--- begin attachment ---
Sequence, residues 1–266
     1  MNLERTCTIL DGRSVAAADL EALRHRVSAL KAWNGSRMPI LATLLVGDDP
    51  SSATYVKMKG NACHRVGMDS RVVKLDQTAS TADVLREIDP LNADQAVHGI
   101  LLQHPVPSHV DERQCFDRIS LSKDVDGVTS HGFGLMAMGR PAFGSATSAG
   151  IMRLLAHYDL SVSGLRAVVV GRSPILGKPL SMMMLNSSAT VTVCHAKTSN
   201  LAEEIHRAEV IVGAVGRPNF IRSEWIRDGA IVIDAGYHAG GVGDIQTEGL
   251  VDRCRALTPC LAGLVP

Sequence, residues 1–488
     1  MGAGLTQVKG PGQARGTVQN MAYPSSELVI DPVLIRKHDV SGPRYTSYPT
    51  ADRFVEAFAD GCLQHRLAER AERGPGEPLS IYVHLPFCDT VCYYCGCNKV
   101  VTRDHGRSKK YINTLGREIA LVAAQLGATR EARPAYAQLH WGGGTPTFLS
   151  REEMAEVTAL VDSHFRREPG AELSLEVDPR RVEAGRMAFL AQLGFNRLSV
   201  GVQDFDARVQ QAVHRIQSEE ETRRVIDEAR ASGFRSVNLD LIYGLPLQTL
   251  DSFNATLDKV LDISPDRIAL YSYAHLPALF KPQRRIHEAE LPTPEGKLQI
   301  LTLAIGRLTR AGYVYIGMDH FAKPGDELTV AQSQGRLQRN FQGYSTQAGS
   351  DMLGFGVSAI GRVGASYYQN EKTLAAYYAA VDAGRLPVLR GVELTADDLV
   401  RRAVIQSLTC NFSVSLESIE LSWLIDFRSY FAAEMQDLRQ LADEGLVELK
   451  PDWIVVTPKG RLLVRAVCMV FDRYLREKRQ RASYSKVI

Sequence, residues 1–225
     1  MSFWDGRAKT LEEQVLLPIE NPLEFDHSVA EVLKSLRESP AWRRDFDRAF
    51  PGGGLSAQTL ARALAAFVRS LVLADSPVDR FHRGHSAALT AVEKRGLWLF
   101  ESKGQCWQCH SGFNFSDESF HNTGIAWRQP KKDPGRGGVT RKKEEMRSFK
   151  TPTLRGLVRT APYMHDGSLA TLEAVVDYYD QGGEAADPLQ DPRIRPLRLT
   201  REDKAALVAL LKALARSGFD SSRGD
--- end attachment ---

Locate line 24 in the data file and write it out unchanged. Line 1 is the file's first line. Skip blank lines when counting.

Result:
   201  REDKAALVAL LKALARSGFD SSRGD